It took me months to come to terms with what happened to me. Not just the medical impossibility that I had been conscious during my coma, but—more importantly—the things that happened during that time. Toward the beginning of my adventure, I was in a place of clouds. Big, puffy, pink-white ones that showed up sharply against the deep blue-black sky.
The “hyper-vivid” description is also common of altered brain states. It is naive to assume that such experiences must be hazy or “dreamlike.” By inhibiting certain parts of the brain extremely vivid and hyper-real seeming experiences can result.
Further, he recounts that it took him months to come to terms with his experiences. This brings up another important aspect of such experiences – that we must remember them with our waking brains. Most people have probably had the experience of having a vivid and bizarre dream that makes perfect sense to your dreaming self, and then when your waking self tries to recount the dream major aspects of it no longer make sense, and you marvel at how your dreaming self did not question the fantastical aspects of the dream.
The story that Alexander now tells is the attempt by his waking brain to make sense of experiences that occurred in an altered mental state. We therefore don’t know what he really experienced, only what his waking brain interprets and remembers about what his partially functioning brain experienced.
In addition to fluffy clouds, Alexander experienced beautiful angels and an overwhelming feeling of love. Even though he says he was not a devout Christian before the experience, his experience is strangely consistent with the cultural norms of his background. This is also typical – hallucinations and delusions often take the form of cultural and personal beliefs.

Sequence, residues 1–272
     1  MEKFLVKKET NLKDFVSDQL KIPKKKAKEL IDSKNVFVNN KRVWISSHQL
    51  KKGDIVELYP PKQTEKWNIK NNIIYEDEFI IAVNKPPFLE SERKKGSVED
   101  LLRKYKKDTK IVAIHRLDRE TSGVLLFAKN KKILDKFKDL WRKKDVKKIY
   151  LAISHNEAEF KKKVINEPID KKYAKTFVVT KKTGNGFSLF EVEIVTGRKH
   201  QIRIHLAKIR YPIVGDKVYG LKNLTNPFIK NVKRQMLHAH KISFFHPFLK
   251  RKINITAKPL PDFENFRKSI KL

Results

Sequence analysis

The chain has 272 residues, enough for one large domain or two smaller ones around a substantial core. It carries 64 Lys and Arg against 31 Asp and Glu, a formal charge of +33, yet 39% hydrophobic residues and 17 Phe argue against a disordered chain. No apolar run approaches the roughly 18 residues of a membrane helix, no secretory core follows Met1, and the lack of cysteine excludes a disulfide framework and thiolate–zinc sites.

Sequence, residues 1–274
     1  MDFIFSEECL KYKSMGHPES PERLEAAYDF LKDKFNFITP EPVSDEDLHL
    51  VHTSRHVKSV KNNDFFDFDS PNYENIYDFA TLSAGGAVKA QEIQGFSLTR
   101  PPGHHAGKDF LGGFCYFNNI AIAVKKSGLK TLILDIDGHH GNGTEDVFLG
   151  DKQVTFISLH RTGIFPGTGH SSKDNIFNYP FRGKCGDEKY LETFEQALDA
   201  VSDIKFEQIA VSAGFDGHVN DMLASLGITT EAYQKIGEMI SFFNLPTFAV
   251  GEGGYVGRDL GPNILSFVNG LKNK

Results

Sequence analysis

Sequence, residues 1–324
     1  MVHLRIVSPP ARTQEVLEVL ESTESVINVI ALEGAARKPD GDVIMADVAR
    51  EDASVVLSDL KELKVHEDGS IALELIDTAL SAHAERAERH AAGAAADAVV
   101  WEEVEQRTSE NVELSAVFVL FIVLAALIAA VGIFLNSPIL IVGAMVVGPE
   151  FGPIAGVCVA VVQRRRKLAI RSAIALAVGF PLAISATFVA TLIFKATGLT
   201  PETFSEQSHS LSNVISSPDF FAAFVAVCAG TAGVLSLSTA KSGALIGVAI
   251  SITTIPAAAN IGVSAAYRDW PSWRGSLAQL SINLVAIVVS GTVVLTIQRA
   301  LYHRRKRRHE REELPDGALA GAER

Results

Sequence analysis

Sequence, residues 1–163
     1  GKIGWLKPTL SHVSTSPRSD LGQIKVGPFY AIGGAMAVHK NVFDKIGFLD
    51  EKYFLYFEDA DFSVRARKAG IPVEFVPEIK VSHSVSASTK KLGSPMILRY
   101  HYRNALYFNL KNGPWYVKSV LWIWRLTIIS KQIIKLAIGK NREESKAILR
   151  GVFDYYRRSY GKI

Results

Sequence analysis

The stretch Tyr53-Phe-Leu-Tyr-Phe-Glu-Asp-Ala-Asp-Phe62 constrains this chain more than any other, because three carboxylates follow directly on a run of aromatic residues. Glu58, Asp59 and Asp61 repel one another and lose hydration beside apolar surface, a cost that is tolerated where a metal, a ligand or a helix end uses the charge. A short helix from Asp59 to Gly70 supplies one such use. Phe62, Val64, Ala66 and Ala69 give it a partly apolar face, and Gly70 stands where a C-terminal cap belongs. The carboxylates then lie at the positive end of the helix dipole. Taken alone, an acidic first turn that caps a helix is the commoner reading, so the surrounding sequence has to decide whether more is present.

I understand that what Alexander experienced was strange, powerful, and profound and is coupled with the fact that he experienced a brush with death and survived. I will not presume to know how such an experience would affect me. This does not mean, however, that we can take his interpretation at face value.
Alexander, in my opinion, has failed to be true to the scientist he claims that he is. He did not step back from his powerful experience and ask dispassionate questions. Instead he concluded that his experience was unique, that it is proof of heaven, and that it defies any possible scientific explanation. He then goes on to give a hand-waving quantum mechanics, the universe is all unity, explanation for the supernatural. This is a failure of scientific and critical thinking.
Addressing his one major unstated premise, that the experienced occurred while his cortex was inactive, demolishes his claims and his interpretation of his experience.
As a neuroscientist I admit to a fascination with such experiences. I would love to experience something similar, to see what it is like (although I am not willing to damage my brain or take mild-altering drugs to do it). I would think that a neuroscientist would see such an experience as a powerful window into how the brain works (as Susan Blackmore did), how it constructs reality, and how the subjective experience that results from that construction can be altered, not as a window into a mystical and supernatural world.